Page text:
The Other Boleyn Girl

by Philippa Gregory | Literature & Fiction |
ISBN: 0006514006 Global Overview for this book
Registered by beekeeper40 of Hoveton, Norfolk United Kingdom on 12/30/2006
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Journal Entry 1 by beekeeper40 from Hoveton, Norfolk United Kingdom on Saturday, December 30, 2006
"Everyone knows the fate of Anne Boleyn, but not many know the story of her rise to majesty and the part played by her rival and sister, Mary, who was Henry's mistress and mother to two of his bastard children before the dazzling older Boleyn girl even caught his eye. Philippa Gregory, whose own role as the Queen of historical romance grows more secure with each new novel, has surpassed her self with this epic tale of lust, jealousy and betrayal. The Other Boleyn Girl charts the lives of both Boleyns--each in their turn "the other Boleyn Girl"--and their fiercely ambitious, conniving family who used the girls as pawns to advance their own positions at the court of Henry VIII. At 13, Mary is little more than a child when she is presented to Henry, ordered by her scheming family to serve her King and country by opening her legs whenever commanded, or doing anything else the great monarch desires. And while his loins are satisfied, life at court is sweet for the unofficial Queen and her pushy coterie. Inevitably though, the King's eyes soon begin to wander and Mary is overlooked, helpless to do anything but aid her family's plot to advance their fortunes, replace her with Anne and give Henry the greatest gift of all: a son and heir.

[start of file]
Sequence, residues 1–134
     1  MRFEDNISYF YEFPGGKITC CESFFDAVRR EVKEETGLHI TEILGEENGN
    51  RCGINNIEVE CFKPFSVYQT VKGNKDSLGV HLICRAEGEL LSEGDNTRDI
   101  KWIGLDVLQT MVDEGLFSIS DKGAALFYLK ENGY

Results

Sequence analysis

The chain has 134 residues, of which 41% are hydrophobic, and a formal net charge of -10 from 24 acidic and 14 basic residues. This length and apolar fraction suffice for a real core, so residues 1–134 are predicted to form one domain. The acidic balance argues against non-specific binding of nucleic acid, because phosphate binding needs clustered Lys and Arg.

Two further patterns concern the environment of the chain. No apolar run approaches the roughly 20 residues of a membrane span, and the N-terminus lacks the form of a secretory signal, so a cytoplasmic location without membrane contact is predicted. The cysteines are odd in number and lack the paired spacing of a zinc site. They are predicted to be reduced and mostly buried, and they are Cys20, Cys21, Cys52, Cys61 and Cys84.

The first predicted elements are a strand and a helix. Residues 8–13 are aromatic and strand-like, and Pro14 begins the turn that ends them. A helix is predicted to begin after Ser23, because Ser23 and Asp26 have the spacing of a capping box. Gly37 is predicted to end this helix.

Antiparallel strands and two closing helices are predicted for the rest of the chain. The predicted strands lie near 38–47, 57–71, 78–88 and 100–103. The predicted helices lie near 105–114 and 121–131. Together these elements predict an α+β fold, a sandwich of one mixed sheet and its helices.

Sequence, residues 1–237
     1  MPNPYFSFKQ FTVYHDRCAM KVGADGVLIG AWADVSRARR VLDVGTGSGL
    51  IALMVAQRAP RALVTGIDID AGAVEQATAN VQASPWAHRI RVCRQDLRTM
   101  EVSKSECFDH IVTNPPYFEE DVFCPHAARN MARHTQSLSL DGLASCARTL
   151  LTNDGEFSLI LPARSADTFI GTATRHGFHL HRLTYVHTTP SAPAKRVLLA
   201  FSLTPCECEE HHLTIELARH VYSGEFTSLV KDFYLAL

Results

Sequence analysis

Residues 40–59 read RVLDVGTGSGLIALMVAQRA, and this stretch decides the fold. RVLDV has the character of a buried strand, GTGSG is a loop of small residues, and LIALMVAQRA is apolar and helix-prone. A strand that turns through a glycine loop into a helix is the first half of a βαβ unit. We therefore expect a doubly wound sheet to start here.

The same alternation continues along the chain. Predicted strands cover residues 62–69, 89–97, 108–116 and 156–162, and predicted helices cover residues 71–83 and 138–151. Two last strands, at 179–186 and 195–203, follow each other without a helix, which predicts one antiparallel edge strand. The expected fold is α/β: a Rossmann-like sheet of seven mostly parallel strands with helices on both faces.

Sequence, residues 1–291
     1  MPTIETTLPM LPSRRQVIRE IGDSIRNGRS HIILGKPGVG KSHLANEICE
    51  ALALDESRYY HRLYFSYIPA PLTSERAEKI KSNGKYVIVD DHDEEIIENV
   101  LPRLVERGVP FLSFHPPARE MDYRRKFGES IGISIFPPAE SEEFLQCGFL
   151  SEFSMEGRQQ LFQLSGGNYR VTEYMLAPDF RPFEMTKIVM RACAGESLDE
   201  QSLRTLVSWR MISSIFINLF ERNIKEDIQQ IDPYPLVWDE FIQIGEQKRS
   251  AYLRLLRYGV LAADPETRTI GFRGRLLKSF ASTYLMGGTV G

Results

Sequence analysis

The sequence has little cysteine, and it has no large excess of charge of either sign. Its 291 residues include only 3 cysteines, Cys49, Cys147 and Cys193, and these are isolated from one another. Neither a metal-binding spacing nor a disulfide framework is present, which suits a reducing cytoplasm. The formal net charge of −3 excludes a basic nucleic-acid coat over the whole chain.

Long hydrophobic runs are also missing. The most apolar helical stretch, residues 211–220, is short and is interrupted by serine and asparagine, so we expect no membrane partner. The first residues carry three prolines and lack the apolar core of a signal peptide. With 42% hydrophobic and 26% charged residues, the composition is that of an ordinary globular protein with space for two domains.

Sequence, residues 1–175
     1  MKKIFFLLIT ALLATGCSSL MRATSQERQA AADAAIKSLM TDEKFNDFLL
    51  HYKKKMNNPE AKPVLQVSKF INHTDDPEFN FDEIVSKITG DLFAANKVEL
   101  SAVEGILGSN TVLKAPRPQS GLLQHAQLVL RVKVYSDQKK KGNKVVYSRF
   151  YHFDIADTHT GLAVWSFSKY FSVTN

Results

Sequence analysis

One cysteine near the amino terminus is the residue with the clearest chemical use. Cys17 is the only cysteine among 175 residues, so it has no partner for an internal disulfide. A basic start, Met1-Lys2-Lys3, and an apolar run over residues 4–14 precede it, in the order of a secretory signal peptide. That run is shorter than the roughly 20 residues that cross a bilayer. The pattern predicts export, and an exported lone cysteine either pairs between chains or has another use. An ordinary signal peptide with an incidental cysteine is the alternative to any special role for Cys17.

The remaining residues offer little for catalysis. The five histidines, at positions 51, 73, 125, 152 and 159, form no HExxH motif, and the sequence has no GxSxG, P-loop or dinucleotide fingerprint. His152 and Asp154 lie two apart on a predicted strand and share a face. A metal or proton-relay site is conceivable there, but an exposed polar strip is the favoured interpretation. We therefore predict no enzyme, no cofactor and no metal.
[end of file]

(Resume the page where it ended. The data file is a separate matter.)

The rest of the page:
So good a job has Ms Gregory done at portraying the Boleyns and Howards as selfish, scheming, treacherous manipulators however, that it becomes increasingly hard to feel empathy for any of them. While Mary is merely hapless, Anne is the most ruthless of them all, so that instead of feeling cheated by knowing the outcome of her story, it only serves to help digest her unpalatable rise. Such a gruesome destiny was never more deserved. Ms Gregory has worked hard at researching her historical references. Daily life at court is described in fascinating detail--from the relentless leisure pursuits, masques and banquets laid on for the easily bored King to the complex hierarchies and machinations of the courtiers. However, the fall of Queen Katherine of Aragon and her only child, the Princess Mary, and the politics of the competing European courts and the break with Rome are seen only as a backdrop to the bawdy goings-on of the Boleyns and their fateful race for the crown."

I was looking forward to reading this and was not disappointed. This is my first Phillipa Gregory novel and certainly won't be my last. As soon as I started to read it I was transported back into medieval Tudor Britain. The high born women of their day were just pawns for their male relatives to move about how they so fit and they had absolutely no say in their lives at all. Even though the end was inevitable I found it dramatic and tense nonetheless. It was not all hearts and roses but smells and warts and all were definitely evoked in the telling of the tragic story of the Boleyn sisters. Highly recommended.


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